Especially for Aussie conditions, I would recommend starting out with a good universal (all-temperature) wax due to our variable weather conditions. These waxes are formulated for glide in any temperature and in all snow conditions and will work the whole way through our season. If you get more into wax tech, or you are travelling internationally you can always play around with more specific types of wax later.
Drip Your Wax:
Now it’s time to put some wax on there. Start at the nose and hold the wax to the iron, so that it drips onto the board. I’d recommend holding the iron about 20-30cm above the board, as the drips will spread out wider and flatter, making it easy to spread around. Continue to drip wax evenly over the base, from tip to tail until you have a good covering, with drops spaced ~4-5cm from eachother.
Tip: Your aim should be to drip just enough wax to cover the base from nose to tail, using any more wax than necessary is not only a waste of wax, but also a waste of time as all you’ll be scraping it off later.
Spread Your Wax:
Place the iron to the board and spread the wax evenly across the entire base. Some like to work in straight lines and some like crazy circle work. Whichever method you choose, just make sure you work from tip to tail until you have achieved an even coat of melted wax.
Tip: Heat is very important for opening up the pores of the plastic, and allowing the wax to absorb into the base... However, remember not to leave the iron in one spot for too long, or it will damage the base. A nice slow, even pace is best.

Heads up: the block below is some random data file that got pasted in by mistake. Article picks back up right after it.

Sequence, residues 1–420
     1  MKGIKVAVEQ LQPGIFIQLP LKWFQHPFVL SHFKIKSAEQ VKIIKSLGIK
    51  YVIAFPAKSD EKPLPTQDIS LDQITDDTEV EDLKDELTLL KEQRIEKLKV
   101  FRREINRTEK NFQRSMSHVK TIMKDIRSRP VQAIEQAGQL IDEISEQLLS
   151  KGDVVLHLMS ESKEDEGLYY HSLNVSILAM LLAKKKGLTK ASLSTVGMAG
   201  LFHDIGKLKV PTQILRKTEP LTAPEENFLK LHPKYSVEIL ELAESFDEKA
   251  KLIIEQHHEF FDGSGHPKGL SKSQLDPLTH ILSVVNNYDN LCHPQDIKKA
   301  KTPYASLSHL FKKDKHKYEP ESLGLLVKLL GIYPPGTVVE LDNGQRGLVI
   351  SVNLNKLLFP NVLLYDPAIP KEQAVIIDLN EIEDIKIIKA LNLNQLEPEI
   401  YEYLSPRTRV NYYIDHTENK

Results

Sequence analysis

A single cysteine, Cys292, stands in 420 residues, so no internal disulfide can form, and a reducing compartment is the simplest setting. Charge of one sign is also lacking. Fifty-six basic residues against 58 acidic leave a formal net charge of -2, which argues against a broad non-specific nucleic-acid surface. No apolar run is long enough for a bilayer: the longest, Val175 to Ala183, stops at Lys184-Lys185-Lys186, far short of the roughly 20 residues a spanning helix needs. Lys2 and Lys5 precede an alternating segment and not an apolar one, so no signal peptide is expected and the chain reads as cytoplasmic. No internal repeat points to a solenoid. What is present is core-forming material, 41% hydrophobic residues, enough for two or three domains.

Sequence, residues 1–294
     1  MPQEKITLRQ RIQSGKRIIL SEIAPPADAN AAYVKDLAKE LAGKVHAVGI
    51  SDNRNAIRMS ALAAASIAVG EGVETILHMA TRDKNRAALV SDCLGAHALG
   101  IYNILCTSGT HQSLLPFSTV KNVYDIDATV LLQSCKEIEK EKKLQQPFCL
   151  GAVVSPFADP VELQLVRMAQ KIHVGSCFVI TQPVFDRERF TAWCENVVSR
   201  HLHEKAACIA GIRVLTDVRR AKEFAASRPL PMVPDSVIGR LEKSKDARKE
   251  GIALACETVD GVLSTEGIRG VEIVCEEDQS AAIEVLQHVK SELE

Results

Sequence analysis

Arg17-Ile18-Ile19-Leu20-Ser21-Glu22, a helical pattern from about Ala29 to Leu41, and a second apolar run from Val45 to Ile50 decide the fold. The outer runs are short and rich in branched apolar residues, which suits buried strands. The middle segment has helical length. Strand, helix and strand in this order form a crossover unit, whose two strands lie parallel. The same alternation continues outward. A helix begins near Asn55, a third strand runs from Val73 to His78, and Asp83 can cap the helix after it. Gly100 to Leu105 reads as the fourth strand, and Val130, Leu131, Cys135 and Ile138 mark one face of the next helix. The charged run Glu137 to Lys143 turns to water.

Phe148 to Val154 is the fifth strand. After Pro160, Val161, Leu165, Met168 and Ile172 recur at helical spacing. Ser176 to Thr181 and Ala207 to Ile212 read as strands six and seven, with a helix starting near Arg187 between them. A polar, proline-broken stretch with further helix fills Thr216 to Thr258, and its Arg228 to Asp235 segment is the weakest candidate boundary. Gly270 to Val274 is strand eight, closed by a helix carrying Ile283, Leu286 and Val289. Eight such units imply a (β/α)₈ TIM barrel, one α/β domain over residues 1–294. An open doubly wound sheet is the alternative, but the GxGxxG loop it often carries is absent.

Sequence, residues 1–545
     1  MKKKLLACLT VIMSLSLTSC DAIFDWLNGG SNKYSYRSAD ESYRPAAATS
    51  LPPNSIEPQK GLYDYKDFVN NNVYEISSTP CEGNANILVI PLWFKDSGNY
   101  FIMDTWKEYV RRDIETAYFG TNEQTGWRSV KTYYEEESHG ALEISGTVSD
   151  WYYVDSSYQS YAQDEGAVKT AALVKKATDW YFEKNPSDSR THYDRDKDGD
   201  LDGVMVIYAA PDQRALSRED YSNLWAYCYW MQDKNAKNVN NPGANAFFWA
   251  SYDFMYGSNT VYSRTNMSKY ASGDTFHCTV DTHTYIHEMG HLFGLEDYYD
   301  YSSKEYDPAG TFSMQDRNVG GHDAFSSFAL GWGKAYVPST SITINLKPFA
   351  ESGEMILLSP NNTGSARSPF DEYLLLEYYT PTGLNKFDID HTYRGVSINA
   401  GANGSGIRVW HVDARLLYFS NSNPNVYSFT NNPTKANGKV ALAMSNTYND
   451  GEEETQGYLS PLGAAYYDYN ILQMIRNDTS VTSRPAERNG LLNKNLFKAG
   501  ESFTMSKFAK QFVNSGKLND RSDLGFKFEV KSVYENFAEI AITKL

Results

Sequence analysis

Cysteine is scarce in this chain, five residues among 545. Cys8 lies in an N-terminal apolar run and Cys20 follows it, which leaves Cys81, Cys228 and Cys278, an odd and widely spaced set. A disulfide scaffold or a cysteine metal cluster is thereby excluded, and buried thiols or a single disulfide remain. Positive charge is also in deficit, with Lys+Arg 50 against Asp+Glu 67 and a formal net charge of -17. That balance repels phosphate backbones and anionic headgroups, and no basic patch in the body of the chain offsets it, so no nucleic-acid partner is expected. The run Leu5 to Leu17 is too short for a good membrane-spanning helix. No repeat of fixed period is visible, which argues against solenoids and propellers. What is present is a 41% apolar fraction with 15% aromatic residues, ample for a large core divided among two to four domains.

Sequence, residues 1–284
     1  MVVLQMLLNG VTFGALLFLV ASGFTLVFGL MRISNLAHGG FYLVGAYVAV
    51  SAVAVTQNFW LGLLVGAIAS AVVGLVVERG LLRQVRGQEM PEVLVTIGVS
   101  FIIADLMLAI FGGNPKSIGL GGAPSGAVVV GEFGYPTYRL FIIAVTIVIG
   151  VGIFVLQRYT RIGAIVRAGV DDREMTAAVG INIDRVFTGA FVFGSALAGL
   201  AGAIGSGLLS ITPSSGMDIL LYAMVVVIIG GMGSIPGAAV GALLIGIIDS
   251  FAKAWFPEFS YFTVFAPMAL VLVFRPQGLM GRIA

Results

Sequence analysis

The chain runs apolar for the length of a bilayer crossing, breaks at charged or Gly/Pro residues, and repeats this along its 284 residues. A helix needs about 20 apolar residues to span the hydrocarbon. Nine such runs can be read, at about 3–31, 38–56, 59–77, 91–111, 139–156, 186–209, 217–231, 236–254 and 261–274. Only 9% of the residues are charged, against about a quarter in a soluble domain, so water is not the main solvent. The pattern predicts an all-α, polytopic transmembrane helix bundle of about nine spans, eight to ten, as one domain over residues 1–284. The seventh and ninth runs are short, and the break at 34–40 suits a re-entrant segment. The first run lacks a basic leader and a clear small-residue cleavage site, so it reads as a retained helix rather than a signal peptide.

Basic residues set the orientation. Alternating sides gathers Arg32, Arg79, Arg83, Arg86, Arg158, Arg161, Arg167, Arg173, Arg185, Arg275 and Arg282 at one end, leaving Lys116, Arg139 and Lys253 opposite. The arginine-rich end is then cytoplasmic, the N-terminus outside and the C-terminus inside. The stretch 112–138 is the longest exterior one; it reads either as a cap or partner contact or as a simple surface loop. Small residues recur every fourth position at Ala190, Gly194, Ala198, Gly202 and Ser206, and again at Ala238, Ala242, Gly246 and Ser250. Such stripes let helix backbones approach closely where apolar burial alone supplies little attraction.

Scrape Your Base:
Ideally, I’ll leave the wax overnight, but if I’m pushed for time I’ll leave it for at least 30 minutes to give it time to absorb...
Now the wait’s over, get your scraper out and remove the excess wax by running it from nose to tail firmly at a 45-degree angle. Your aim here is to remove most if not all of the excess wax from the surface of the base of your board.
Tip: Some boards (especially those with hybrid camber) have little depressions that can make it hard to scrape. If you encounter this, turn your scraper on its end, and use the corner of the small side of the scraper to remove the wax from these hard to reach holes.
Brush Your Base:
Now your board is flat and hopefully full of wax, get your finishing brush out and move again firmly from nose to tail to remove any excess wax and restore the structure of the base. If you’re in a jam and don’t have a brush with you, the green scourer side of a sponge will work too, with a little more effort…
Exposing your base structure ensures the moisture from the snow moves efficiently through your base helping to reduce static friction, making you ride even faster…The more you brush, the faster you’ll go!
Time to DIY...
That's all there is to it! While it might seem daunting if you've never ironed anything other than your favourite shirt before, it's actually quite easy, and the more you do it, the better you'll get, and the better your board is going to perform!